21. Hyperacusis to bone conducted sounds Able to hear eye movement or pulse Heal strike when walking Through buttocks when sitting on park bench Tuning fork when placed on ankle Good hearing underwater Own joints move

    22. Hyperacusis to bone conducted sounds Why? 2 possibilities 3rd window acting as an amplifier to bone conducted sound 3rd window dissipating energy from air conducted sound

    23. Evoked Eye Movements - Rules for PSSC and SSSC In plane of Canal (Ewalds 1st Law) BPPV- Dix Hallpike Geotropic nystagmus rotatory toward down most ear Vertical component- Upbeating

    24. 1- Acoustic stimuli Evokes eye movements in plane of dehiscent canal

    25. 2- Change in pressure in EAC Transmitted pressure to tympanic membrane and stapes +ve pressure Stapes inward Ampulofugal flow in SSC- stimulatory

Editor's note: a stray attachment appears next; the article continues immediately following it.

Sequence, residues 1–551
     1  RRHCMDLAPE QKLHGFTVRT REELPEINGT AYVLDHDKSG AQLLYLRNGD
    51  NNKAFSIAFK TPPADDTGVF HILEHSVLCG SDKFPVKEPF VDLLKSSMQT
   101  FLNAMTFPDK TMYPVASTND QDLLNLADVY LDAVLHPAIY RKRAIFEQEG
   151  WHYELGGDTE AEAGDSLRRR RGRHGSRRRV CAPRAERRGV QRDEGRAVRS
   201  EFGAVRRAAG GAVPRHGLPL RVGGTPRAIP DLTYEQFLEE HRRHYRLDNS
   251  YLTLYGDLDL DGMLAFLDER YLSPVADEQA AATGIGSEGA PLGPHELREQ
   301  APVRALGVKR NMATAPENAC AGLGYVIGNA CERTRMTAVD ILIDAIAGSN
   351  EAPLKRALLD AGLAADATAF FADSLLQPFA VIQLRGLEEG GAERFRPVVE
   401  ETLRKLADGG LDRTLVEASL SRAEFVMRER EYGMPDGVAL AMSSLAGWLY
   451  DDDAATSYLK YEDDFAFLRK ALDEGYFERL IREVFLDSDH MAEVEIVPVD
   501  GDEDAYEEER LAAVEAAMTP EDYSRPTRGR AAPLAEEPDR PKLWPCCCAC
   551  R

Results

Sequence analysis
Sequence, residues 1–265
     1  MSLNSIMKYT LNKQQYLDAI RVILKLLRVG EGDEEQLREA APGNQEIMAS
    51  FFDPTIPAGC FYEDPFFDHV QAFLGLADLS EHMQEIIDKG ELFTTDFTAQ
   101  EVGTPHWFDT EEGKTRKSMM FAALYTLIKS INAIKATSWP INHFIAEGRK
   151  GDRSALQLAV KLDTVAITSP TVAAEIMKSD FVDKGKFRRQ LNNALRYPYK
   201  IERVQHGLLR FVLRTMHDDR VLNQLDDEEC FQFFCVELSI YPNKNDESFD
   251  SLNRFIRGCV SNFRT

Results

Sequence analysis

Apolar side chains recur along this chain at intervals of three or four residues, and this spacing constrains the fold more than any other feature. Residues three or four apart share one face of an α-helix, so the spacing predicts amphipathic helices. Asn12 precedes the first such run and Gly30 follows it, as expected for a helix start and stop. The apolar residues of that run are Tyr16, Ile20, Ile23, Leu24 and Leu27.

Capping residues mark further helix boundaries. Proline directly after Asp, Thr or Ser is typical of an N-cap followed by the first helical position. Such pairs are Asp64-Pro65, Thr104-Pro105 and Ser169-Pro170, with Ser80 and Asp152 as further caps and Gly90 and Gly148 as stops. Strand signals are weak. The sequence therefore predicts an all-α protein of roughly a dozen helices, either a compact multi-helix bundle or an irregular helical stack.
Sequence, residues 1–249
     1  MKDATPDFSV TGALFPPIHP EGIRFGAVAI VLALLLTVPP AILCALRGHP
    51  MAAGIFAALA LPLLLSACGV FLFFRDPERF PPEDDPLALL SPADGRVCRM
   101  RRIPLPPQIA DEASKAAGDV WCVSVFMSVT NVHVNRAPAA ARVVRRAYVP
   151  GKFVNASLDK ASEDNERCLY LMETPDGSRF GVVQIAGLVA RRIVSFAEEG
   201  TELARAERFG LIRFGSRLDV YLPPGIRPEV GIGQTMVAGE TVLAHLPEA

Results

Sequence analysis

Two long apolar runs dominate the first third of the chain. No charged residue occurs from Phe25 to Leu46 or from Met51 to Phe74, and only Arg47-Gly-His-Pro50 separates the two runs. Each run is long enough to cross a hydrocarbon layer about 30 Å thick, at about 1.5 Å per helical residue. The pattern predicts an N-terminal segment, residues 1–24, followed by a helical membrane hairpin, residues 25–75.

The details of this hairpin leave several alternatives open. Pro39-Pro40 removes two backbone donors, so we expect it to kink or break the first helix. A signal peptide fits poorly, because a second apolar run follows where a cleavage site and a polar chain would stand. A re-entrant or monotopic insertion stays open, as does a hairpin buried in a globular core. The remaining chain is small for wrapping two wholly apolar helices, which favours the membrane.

26. 2- Change in pressure in EAC Transmitted pressure to tympanic membrane and stapes -ve pressure Stapes outward Ampulopetal flow in SSC- inhibitory

    27. 3- Valsalva maneuvers Against pinched nostrils Stimulates SSC Against closed glottis Inhibits SSC

    28. 3- Valsalva maneuvers Against pinched nostrils Air to middle ear through ET Force stapes inward Ampulofugal flow through SSC Stimulates SSC

    29. 3- Valsalva maneuvers Against closed glottis Raised intrathoracic/Jugular then intracranial pressure Pressure on 3rd window in middle cranial fossa Ampulopetal flow Inhibits SCC

    30. Summary eye movements Nystagmus Towards + pressures Nostril valsalva Nystagmus Away - pressure Glottic valsalva

    31. Diagnosis History Acoustic symptoms Hyperacusis to bone conducted sounds Conductive hearing loss (Conductive hearing gain) Vestibular symptoms Vertigo Oscillopsia Chronic dysequilibrium Vestibular symptoms evoked by sound stimuli (Tullio phenomenon) pressure stimuli (Henneberts sign)

    32. Audiology Air bone gap Especially BC less than 0dB Normal Tympanometry Present acoustic reflexes Normal or Enhanced VEMP